PARIS — SCAD Lacoste, the French branch of the Savannah College of Art and Design, is celebrating its 20th anniversary with a series of events, including the inauguration of a permanent fashion museum designed to draw tourists to the picturesque medieval village in Provence that is home to its campus.
SCAD president and founder Paula Wallace attended the opening on Saturday of the first exhibition at the SCAD FASH Lacoste, an offshoot of the museum opened in Atlanta in 2015. Taking up 1,625 square feet on two floors, the institution is housed in a building with a terrace offering spectacular views of the valley below.
Its inaugural show is dedicated to Cuban-born American designer Isabel Toledo, whose husband, illustrator Ruben Toledo, spoke to WWD from Lacoste about the emotional process of honoring his late wife’s work.
Best known for creating First Lady Michelle Obama’s 2009 inauguration ceremony look, Toledo, who passed away in 2019, had a strong connection with France, having shown her collections in Paris from 1991 to 1995. After stopping runway shows in 1998, she switched to working on her own schedule, cementing her reputation as a designer’s designer.
“She’s always been an independent designer, a kind of in-the-know designer with really excellent work, and I think that the French public with a relationship with fashion is primed to really appreciate her,” said Christina Frank, assistant director of fashion exhibitions at SCAD FASH.
The exhibition features 16 garments alongside a large-scale installation of works by Ruben Toledo. It also includes mementos of their life together, illustrating how their creative process was intertwined. “Being a university, it’s something we really want to drive into our students, that they both made each other better artists,” Frank said.
Cédric Maros, director of SCAD Lacoste, said the venue would eventually host two exhibitions a year during the high tourist season, between April and October, with a view to creating a dialogue between the U.S. and France.
“We did this in one way by bringing Pierre Cardin to Atlanta. But it’s natural to also do it in the other direction. I think we’ll always have this mix of designers who are known to the general public and others who are discoveries, even if they are well established in the world of fashion,” he said.
The exhibition marks the kickoff of a busy year for the institution, which on April 1 welcomed students from around the world at the start of its spring session, marking the first time students were back on-ground for a full educational quarter since the beginning of the coronavirus pandemic.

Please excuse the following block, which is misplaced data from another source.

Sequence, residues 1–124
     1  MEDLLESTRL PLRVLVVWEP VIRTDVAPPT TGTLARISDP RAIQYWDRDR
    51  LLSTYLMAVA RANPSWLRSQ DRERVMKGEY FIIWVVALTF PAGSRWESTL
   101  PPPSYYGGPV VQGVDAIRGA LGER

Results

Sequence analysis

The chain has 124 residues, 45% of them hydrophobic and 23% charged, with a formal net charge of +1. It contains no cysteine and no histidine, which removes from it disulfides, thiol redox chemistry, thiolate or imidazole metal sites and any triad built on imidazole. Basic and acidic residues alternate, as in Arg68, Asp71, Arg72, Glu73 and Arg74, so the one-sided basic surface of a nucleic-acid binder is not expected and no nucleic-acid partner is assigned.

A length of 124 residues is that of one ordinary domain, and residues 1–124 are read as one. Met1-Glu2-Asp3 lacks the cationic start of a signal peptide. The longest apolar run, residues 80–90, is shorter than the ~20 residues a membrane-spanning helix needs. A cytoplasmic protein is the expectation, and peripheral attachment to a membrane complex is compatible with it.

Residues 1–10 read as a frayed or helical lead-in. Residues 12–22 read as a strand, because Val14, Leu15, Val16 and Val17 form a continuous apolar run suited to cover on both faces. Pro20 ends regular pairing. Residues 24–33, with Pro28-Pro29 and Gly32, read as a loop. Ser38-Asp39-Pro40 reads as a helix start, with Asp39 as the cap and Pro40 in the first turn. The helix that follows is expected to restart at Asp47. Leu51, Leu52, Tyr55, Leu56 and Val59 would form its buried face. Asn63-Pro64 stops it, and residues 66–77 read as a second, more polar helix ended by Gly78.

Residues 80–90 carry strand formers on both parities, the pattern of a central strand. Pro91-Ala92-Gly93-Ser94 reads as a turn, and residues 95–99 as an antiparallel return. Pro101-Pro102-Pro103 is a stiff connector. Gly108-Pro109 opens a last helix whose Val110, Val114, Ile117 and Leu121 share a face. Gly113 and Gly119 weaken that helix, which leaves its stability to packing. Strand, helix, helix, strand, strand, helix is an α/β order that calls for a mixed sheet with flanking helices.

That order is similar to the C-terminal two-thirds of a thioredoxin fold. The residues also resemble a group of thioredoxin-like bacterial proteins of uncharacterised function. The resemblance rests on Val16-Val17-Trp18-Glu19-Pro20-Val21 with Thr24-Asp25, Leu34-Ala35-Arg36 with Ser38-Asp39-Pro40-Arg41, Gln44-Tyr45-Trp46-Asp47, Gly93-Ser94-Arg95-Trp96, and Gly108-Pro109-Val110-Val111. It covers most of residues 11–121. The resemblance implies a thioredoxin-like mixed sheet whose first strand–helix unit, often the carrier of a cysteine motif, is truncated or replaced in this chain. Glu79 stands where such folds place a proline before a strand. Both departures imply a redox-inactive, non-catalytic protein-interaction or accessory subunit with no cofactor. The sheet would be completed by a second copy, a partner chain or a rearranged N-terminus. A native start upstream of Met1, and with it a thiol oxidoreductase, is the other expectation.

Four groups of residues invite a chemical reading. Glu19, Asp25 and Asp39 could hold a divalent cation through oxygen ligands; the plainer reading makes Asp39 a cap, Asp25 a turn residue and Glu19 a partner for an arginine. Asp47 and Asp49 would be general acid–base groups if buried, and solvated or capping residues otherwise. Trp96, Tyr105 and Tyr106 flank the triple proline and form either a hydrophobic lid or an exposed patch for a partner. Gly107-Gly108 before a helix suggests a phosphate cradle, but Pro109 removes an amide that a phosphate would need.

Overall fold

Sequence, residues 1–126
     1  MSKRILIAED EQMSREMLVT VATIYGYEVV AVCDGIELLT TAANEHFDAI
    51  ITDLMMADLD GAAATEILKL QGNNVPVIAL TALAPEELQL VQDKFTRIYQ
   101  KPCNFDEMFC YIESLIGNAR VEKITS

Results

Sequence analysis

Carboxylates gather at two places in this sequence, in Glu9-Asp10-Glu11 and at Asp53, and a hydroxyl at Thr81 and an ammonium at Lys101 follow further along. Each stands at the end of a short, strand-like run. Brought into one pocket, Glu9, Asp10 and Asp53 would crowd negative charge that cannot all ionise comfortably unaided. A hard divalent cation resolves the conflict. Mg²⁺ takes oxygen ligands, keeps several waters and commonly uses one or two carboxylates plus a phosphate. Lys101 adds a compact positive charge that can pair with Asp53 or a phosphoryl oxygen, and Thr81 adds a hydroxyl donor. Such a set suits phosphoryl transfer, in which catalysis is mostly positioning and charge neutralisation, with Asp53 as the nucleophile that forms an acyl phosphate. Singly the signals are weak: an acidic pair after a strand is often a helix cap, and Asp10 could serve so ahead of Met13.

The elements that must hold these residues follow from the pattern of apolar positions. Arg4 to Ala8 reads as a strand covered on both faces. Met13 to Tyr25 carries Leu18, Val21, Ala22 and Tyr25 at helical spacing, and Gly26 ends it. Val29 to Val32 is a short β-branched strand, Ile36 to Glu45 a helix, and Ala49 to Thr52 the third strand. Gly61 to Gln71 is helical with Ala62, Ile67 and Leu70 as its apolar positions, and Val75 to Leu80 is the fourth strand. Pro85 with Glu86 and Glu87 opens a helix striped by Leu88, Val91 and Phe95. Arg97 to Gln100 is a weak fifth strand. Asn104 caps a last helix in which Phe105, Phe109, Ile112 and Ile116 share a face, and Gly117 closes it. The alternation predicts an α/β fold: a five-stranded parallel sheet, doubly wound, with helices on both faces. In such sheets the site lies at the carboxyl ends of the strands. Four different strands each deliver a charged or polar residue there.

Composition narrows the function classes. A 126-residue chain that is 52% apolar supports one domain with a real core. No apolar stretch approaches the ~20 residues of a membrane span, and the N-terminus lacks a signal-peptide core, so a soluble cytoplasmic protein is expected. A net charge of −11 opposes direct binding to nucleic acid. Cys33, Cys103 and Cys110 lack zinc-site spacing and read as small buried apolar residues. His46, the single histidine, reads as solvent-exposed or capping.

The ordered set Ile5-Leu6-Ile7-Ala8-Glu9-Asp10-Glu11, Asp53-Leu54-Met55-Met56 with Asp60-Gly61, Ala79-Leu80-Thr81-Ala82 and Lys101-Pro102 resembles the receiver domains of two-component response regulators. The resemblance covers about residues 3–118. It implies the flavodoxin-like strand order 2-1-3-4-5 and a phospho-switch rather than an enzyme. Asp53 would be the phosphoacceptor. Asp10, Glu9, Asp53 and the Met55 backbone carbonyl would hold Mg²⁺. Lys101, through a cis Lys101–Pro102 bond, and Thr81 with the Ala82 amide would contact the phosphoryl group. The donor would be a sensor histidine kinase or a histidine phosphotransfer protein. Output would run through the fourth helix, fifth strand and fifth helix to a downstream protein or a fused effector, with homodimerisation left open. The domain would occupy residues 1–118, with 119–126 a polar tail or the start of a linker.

Maros said the summer sessions were already fully booked, prompting officials at the university to consider offering full degree studies at the location, which hosts eight-week study abroad programs.
“That’s one of the options we’re exploring, because now we know demand is back. We have waiting lists for our upcoming sessions, so we’re in a growth phase,” he said.
In the meantime, the venue is hosting an animation festival until May 7, to be followed by a film fest from July 1 to 4 that will include a tribute to Belgian-born director Agnès Varda. Both events are designed to highlight SCAD’s strength in film and animation courses.
“Each year at the Oscars, several hundred alumni are featured in the credits of the nominated films, and that was the case again this year,” Maros said.
Among the other planned events is the opening in September of a new sculpture garden. From late June to September, a light show will take place on the central street of the village on Friday and Saturday nights. “This year, we really want to let people know that this is not an elitist place for just a handful of people. It’s open to all,” said Maros, noting that all events are free.
With state-of-the-art facilities housed in more than 30 renovated historic buildings, the university offers students a unique setting, in addition to hosting art residencies by SCAD alumni. The school traces its roots back to American painter Bernard Pfriem, who founded the first art conservatory in the village after World War II.
“In the beginning, SCAD Lacoste was more focused on fine arts, such as painting, sculpture, photography and engraving. Now we also teach very high-tech subjects, so we have to adapt, and it’s not at all incompatible to study these topics in a medieval village,” Maros said.
Lacoste is also home to the castle formerly owned by the Marquis de Sade, which was bought and restored by Cardin, who launched an annual summer festival. All of these efforts have contributed to putting the village, which is home to just a few hundred permanent residents, on the map. “Whether in terms of culture, tourism or the economy, we’re now seen as a key player in the area,” Maros said.
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